Integrity in urban development

Programme Type: ProjectsUrban Research Programme: 6, 2, 2, 2, <, C, T, p, c, c, , g, , , 2, 2, , 0, h, 0, p, , 0, 6
Publication Date: 2020

The tenth World Urban Forum in Abu Dhabi brought together thousands of advocates, civil society organisations, practitioners and government officials to discuss the impacts of urbanisation, housing, land and climate change. Panel discussions, roundtables and networking sessions focused on addressing poverty, inequality and human rights. Despite the strong emphasis on accountability and transparency in the human rights literature, there prevails a reluctance to hold governments to account – both to their treaty commitments but also to their constitutional obligations. Amongst these sessions, as has often been the practice, there is seldom a debate about integrity and what it role it plays in shaping urban development for better or worse. Thus, the networking session on Cities of Integrity presented an amazing opportunity to revisit critical human rights debates through a very different lens.

The session highlighted key perspectives from different parts of the world and my takeaways as the session moderator are as follows:

  1. Integrity is about a holistic behaviour change: The speakers reinforced the idea that integrity is much more than the debates on corruption (and anti-corruption). It is fundamentally about behaviour and understanding the implications of our actions on equity and justice. Critical questions were raised: As practitioners in the social justice sector, do we critically examine our actions and its consequences? How do we shape our behaviour to reduce overall harm to society?
  2. Existing integrity systems contradict our political realities: The panel emphasised repeatedly that some common ‘integrity vulnerabilities’ were directly related to and a consequence of our neoliberal political and economic system. For instance, systems of procurement and contracting are rapidly regressing despite accessible digital technology. Secrecy and making data incomprehensible for civil society is just one such example, that led Philippines to pursue open contracting. This form of open contracting led to significant improvements in public oversight and overall accountability.
  3. Public-private collusion is rife: In growing cities and urbanising countries, the lines between private interests (for instance those of a private developer) and public sector approval process are very fluid. In particular, examples from Zambia reiterated how private practice and developers have used their influence over the public sector, e.g. through political party funding, kickbacks etc., to secure land and/or development rights.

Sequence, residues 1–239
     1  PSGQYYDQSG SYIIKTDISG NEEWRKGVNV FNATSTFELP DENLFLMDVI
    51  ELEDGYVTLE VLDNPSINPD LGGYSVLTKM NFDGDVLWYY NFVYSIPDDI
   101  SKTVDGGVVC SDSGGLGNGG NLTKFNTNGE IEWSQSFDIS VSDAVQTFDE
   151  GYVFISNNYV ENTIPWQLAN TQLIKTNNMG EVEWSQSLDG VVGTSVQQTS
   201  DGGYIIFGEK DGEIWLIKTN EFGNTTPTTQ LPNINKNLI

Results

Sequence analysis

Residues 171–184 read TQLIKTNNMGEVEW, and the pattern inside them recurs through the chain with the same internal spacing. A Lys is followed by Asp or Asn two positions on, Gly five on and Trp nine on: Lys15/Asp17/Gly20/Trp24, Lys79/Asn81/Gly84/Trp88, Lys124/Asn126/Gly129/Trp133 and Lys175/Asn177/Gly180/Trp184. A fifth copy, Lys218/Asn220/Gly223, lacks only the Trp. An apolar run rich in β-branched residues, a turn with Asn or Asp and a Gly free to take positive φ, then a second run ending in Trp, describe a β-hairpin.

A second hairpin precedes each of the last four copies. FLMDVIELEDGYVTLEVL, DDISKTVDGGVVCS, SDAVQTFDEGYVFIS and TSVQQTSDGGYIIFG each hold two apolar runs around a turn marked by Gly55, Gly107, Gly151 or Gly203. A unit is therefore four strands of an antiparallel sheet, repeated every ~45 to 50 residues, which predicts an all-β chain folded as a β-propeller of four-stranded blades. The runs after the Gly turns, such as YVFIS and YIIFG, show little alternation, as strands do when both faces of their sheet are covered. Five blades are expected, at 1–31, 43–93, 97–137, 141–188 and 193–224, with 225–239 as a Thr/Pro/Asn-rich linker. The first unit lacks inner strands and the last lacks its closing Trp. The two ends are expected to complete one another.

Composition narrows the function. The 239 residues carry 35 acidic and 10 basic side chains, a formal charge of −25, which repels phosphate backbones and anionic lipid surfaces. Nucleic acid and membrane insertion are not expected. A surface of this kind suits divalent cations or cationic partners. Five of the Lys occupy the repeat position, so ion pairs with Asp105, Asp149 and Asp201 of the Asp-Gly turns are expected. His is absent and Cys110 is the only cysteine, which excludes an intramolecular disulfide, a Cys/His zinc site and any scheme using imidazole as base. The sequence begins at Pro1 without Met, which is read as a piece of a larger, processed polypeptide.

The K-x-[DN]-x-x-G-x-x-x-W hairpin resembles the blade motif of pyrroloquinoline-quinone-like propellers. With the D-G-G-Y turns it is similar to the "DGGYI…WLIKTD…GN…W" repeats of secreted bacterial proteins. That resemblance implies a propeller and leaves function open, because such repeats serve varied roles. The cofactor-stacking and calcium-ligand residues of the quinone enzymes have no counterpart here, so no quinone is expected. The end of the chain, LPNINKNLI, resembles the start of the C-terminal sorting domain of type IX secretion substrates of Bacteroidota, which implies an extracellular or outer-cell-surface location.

4. Academia needs to and can step up: While academia has developed strong systems for ethical research practices, there is little discussion on professional integrity and building core values, both as prospective public servants and as citizens. Academia remains in a strong position to foster an overall culture of integrity across various professions linked to the built environment.
  5. Civil society needs to take integrity seriously: a significant focus of corruption has been on the public sector and politicians. It was emphasized that the discussion of integrity is critical in the civil society sector. The last ten years have seen several instances where progressive civil society organisations have been involved in unethical practices such as sexual harassment, poor safeguarding of rights etc. Such incidents have inevitably weakened a global civil society already under duress. For instance Oxfam sacked 43 over safeguarding issues in the year to March and The UN Sex Abuse Scandal review — careful, dignified and gruelling. 
  6. Lethargy as corruption: A theme that stood out was whether inaction or lethargy in the public sector should also be qualified as and equated to corruption. Inaction on key human rights issues – delivery of basic services, tenure and housing – has forced activists to use more aggressive tactics to force the state to meet its constitutional obligations.
  7. Corruption versus an environment of compliance: The panel emphasised the balance between corruption versus an environment of compliance. Often compliance leads to a sense of ‘tick-boxing’ and inordinate punitive measures can bread a culture of fear, lethargy and indefinite delay. This has also meant that the public sector is constantly second guessed, ultimately centralising power in the hands of the politicians (who are often claiming the moral high ground and general public’s interest). Striking a sensible balance is critical to allow for new practices and collaborations to emerge without compromising on accountability.

Within the fairly regulated setting of WUF and its often normative discourses, the Cities of Integrity networking session opened a new set of dialogues and debates. In asking difficult questions, it pushed the boundaries for many of the participants – as the Chief Financial Officer of an African province stated: “it [the session] was refreshing and eye-opening”.

This session, for me, reinforced that fundamentals of social change rely on strong integrity-based institutions that are accountable both inwards and to their community partners. It is imperative for DAG, as a leading social justice organisation to lead by example and demonstrate highest degree of honesty and integrity in our work. This coupled with utilising instruments and dialogues in order to hold our public administration to account.

This report was written by panel moderator, Adi Kumar, executive director, Development Action Group.

 

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